But so long as the Canucks start Demko in at least 70% of their games, as they reasonably should, they stand to have the advantage in the crease.
The Canucks’ power play parachuted down to 17.4% and seventh-worst in the league for 2021, but one hopes it will rebound at least part of the way back to the fourth-best 24.2% it was in 2019/20. A healthy Pettersson and the arrival of Podkolzin to the second unit will help.
The Canucks’ power play should also absolutely demolish the Kraken’s — on paper and at this juncture, that is.
Penalty killing is another story. Seattle drafted some skilled PKers in Larsson, Giordano, Oleksiak, Tanev, and Gourde. The Canucks are potentially losing Edler and Hamonic from their unit, Jay Beagle’s health is in question, and they are already languishing in 2021 with a 17th-best 79.8% efficiency.
The Kraken should have an edge whilst shorthanded, which makes sense because of how many arms it has.
There’s only so much that can be said about a coaching staff that has yet to work with one another or with their team. It can be said that Dave Hakstol’s career points-percentage of .560 is a fair bit higher than Travis Green’s .488, but that’s largely attributable to the quality of their rosters — and Green’s .588 in the postseason crushes Hakstol’s .333.
Hakstol certainly seemed to be less popular in Philadelphia, whether among players or the fanbase, than Green is in Vancouver. The addition of Brad Shaw may continue to give Green and his staff an edge in this category.
Obviously, the internal chemistry of a dressing room that just got thrown together like a patchwork quilt is difficult to assess. But it is worth noting that the Kraken will have a veteran NHL captain in Giordano in the mix from the get-go, as well as some rather thorough and recent Cup-winning experience via Gourde.
The Canucks, on the other hand, are parting ways with long-time leadership figures in Edler and Brandon Sutter. The impact remains to be seen.
On the physical side of things, the comparison mirrors the imbalance of skill. The Kraken have a beefy backend of Oleksiak, Larsson, and a legitimate heavyweight in Kurtis MacDermid. All of Soucy, Lauzon, and Giordano have bite.
The Canucks have Myers, and that’s about it.
Up front, however, the Canucks should be able to win the game of punishing forechecks. Big hitters like Miller, Motte, Zack MacEwen, and ideally the newly-arrived Podkolzin and Jonah Gadjovich should outweigh the respective efforts of Tanev and Gourde.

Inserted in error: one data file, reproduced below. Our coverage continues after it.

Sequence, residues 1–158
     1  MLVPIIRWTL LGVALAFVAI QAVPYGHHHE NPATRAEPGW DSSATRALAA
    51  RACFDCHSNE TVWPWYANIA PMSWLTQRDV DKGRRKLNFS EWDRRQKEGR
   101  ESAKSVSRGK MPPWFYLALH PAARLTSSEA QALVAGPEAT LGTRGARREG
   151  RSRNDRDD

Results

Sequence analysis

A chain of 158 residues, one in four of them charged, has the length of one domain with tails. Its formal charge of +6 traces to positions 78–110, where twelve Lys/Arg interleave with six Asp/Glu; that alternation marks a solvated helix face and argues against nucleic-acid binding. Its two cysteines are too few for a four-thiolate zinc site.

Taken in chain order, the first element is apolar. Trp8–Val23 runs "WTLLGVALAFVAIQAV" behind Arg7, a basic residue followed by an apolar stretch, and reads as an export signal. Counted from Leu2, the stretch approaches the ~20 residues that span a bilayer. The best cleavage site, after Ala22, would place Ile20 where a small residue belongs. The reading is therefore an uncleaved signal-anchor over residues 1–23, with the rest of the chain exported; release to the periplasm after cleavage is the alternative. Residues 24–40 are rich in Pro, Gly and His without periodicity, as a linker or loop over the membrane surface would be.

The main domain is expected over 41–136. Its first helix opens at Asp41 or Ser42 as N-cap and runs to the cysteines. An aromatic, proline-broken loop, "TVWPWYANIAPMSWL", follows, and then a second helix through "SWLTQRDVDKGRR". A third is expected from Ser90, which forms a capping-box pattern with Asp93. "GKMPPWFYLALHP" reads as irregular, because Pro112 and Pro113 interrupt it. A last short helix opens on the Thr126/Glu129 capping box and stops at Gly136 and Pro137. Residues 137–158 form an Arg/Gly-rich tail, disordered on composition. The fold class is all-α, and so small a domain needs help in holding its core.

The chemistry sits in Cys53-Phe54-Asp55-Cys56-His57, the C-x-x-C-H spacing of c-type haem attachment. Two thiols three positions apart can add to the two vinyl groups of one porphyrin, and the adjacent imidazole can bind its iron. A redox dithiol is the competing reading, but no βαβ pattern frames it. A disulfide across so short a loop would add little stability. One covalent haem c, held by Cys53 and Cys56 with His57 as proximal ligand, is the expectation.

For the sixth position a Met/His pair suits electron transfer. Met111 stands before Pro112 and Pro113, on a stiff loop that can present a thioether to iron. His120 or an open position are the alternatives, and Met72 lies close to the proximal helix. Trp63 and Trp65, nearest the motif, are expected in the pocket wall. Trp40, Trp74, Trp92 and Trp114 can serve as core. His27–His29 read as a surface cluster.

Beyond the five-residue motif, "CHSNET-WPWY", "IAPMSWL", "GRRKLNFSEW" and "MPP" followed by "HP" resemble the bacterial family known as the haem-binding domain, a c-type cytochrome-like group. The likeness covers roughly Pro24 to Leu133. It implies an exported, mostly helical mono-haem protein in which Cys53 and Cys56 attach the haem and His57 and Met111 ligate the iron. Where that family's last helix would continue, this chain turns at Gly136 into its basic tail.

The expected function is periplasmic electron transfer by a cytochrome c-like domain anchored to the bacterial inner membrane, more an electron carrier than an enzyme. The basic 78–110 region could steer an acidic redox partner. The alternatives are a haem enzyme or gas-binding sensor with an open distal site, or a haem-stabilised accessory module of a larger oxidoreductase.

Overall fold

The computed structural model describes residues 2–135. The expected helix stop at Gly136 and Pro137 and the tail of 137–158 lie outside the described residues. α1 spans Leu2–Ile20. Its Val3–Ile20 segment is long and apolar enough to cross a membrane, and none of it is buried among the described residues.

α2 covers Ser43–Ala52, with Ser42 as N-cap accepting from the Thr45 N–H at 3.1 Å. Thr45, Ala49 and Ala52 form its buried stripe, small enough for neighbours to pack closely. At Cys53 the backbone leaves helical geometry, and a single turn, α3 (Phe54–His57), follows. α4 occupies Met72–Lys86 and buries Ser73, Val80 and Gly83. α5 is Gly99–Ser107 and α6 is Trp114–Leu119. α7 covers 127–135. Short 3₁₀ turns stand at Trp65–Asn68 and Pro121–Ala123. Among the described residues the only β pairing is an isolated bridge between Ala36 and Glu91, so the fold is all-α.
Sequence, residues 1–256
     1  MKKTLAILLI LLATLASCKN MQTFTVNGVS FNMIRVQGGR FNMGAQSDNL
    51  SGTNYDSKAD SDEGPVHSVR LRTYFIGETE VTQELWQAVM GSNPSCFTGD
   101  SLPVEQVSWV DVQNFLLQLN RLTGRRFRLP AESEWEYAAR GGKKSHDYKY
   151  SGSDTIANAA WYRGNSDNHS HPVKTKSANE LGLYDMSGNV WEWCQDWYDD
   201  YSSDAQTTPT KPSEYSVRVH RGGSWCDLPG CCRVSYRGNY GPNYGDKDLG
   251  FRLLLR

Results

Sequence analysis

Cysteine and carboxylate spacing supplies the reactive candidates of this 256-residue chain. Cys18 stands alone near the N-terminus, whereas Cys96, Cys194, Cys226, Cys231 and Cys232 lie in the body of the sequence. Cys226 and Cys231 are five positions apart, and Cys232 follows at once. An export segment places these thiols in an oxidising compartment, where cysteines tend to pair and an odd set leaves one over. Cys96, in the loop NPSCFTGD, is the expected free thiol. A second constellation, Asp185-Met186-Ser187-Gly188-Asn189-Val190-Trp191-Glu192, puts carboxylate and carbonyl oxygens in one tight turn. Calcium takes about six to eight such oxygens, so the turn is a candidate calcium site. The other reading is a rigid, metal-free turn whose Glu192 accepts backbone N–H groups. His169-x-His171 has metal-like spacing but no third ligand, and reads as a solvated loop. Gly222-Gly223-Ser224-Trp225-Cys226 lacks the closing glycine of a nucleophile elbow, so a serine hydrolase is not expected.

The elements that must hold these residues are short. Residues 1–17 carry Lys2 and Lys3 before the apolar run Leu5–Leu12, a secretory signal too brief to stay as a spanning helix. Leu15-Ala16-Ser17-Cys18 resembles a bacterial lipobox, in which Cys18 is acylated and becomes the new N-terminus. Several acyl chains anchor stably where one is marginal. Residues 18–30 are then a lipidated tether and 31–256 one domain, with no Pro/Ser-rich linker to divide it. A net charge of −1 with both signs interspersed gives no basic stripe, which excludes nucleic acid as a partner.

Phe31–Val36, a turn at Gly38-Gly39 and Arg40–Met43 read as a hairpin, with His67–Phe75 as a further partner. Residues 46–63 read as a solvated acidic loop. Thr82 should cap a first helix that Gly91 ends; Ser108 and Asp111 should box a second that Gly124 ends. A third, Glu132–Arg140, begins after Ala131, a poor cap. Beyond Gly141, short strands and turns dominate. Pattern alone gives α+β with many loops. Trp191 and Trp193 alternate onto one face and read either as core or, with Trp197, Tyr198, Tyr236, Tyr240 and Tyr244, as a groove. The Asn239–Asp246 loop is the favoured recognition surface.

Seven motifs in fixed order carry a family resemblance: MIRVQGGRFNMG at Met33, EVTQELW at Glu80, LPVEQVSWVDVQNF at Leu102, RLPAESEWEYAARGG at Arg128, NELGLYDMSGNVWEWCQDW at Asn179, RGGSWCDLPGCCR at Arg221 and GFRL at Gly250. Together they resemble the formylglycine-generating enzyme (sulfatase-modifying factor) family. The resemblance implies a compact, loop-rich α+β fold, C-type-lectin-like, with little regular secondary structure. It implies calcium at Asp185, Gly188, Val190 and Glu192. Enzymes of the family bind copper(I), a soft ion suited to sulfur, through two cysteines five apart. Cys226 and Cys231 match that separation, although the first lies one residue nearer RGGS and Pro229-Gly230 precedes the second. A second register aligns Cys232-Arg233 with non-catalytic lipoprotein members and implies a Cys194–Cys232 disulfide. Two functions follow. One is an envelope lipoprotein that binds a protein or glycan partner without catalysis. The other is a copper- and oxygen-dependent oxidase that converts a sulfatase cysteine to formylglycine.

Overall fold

The only real conclusion to draw here is that both rosters have more than enough truculence and tenacity to ensure that the rivalry boils over from social media and onto the ice as early as October 23.
The Kraken come out of the Expansion Draft with nearly $29 million in cap space, and with Dunn the only player of real significance needing a new contract. That’s a considerable amount for a team entering a free agency period in which nearly every other team will be hampered by the flat cap. Actually, that’s an understatement. The Kraken have the league’s most precious resource in abundance, to the tune of more than a third of the salary cap itself. They’re driving a water truck through a desert. Seattle could, for example, add an entire forward line of $8 million free agents without batting an eye. In keeping with the maritime puns, the world of available assets is their oyster.
That stands in sharp contrast to the Canucks, who have a hair over $15 million with which to sign Pettersson, Hughes, and at least three other NHL-quality defenders.
Suffice it to say, then, that of the two, the Kraken are the team most likely to be improving their roster from here on out through the 2021 offseason, whether it be through trade or free agency. Their offensive woes thus look a lot more fixable than the Canucks’ defensive woes, both in terms of who is available and the amount they’ll be able to spend on them.
Right now — in this exact moment, before any further trades or signings have occurred — the Vancouver Canucks are still a better team than the next-door neighbour that just popped into existence.
But that’s not a status that Vancouver fans should take for granted.
On the strength of their top-six and Demko’s play in net, the Canucks swim ahead of the Kraken for now. But Seattle’s large-sized blueline will make games competitive throughout the season, and a few key free agent signings or trades is all the Kraken need to make the offensive gap between the two a lot smaller.
So, which of the two will finish higher in the Pacific Division for 2021/22? Until the rest of the offseason is complete, it’s a coin-flip.
Or maybe it’s a fish-toss.